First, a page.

Burundi, situated at the crossroads of Francophone and Anglophone Africa, the developing East African Community and the undeveloped central Africa is a nation in transition. Wracked by decades of inter-tribal violence, Burundi emerged in the early 2000s with a new constitution and a power-sharing government headed by Pierre NKURUNZIZA. Though slower than her northern cousin Rwanda to make major changes (such as making English an official national language), Burundi has begun to enjoy the dividends of peace as foreign investment and federal revenues rebound under stable direction.
The 10.8 million inhabitants of Burundi live lives of rural subsistence farming (<10% of the population live in urban centers) without electricity or improved toilet facilities. These resilient Africans face numerous challenges to breaking out of the cycle of poverty. Fewer than half of Burundian adults have completed primary school and more than half (58%) of children are stunted (irreversibly reduced in their physical and intellectual capacity) due to malnutrition in their first five years. Making it to five years old is an accomplishment in itself with infant mortality ten times higher than the US (59/1000 births vs 5.9/1000 births) and only 90% of kids reaching their sixth birthday. Reproductive and family data tell a similar story with maternal mortality forty times higher than the US (800/100,000 live births vs 21/100,000) and 11% of women entering motherhood during their teens.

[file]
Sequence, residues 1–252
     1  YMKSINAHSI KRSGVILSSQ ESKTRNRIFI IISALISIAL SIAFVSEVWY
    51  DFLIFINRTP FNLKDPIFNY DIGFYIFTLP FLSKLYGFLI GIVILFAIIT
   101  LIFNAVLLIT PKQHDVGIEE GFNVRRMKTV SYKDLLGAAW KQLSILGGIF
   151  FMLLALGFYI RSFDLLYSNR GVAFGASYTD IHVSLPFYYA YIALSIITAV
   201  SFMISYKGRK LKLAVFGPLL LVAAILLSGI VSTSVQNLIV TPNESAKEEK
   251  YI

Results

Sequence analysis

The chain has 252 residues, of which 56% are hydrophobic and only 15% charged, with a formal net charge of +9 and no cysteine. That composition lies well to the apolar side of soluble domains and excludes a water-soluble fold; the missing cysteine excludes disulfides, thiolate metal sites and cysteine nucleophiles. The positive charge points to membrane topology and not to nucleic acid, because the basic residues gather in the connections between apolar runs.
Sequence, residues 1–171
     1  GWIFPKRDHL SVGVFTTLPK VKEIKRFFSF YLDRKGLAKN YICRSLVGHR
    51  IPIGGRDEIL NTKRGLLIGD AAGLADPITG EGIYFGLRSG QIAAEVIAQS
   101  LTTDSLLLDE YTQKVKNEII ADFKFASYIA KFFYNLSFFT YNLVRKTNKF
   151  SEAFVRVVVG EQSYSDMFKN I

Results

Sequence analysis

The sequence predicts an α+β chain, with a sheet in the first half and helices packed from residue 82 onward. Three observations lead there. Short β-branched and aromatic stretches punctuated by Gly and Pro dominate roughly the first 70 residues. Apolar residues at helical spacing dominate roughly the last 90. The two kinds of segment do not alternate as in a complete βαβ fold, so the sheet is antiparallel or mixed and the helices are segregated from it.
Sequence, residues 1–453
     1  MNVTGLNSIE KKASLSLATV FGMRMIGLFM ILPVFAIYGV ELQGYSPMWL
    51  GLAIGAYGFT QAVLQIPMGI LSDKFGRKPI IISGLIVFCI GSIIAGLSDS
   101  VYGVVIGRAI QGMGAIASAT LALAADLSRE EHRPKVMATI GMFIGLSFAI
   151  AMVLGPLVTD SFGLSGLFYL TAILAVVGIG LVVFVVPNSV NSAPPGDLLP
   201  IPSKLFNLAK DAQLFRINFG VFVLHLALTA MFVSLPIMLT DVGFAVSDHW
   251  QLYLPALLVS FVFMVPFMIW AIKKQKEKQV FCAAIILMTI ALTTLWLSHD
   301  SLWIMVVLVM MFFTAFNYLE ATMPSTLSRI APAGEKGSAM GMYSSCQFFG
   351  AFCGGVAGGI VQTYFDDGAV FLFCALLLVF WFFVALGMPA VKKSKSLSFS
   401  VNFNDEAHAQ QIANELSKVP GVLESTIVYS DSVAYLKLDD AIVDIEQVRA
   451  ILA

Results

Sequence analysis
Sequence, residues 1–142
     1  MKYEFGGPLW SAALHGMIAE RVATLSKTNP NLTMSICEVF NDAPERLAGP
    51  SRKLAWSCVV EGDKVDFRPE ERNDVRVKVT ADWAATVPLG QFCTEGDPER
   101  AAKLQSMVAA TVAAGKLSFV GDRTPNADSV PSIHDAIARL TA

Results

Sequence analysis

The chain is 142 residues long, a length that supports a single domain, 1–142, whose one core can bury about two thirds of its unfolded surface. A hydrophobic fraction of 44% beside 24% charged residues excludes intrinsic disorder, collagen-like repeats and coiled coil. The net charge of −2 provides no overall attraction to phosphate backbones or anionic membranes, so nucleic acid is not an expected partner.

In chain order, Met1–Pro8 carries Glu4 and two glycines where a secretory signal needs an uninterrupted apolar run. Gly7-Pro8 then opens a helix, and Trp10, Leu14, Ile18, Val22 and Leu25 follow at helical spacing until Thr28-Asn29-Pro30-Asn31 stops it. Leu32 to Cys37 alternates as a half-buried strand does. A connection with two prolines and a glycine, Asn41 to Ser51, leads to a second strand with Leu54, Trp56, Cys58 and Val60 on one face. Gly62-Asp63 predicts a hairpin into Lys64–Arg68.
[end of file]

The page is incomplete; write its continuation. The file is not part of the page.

And though Burundi is one of the poorest (GDP/capita is $300) and hungriest (2013 Global Hunger Fund rating) nations on earth, there are great reasons for hope. The national government sponsors health care for pregnant women and children under 5 years old, leading to substantial reductions in infant, child and maternal mortalities in the last 10 years. Compared worldwide, Burundi has made some of the greatest strides in educating itself with 98% of primary school-aged children attending school on a daily basis. What she lacks in natural resources, Burundi is determined to make up for in human resource.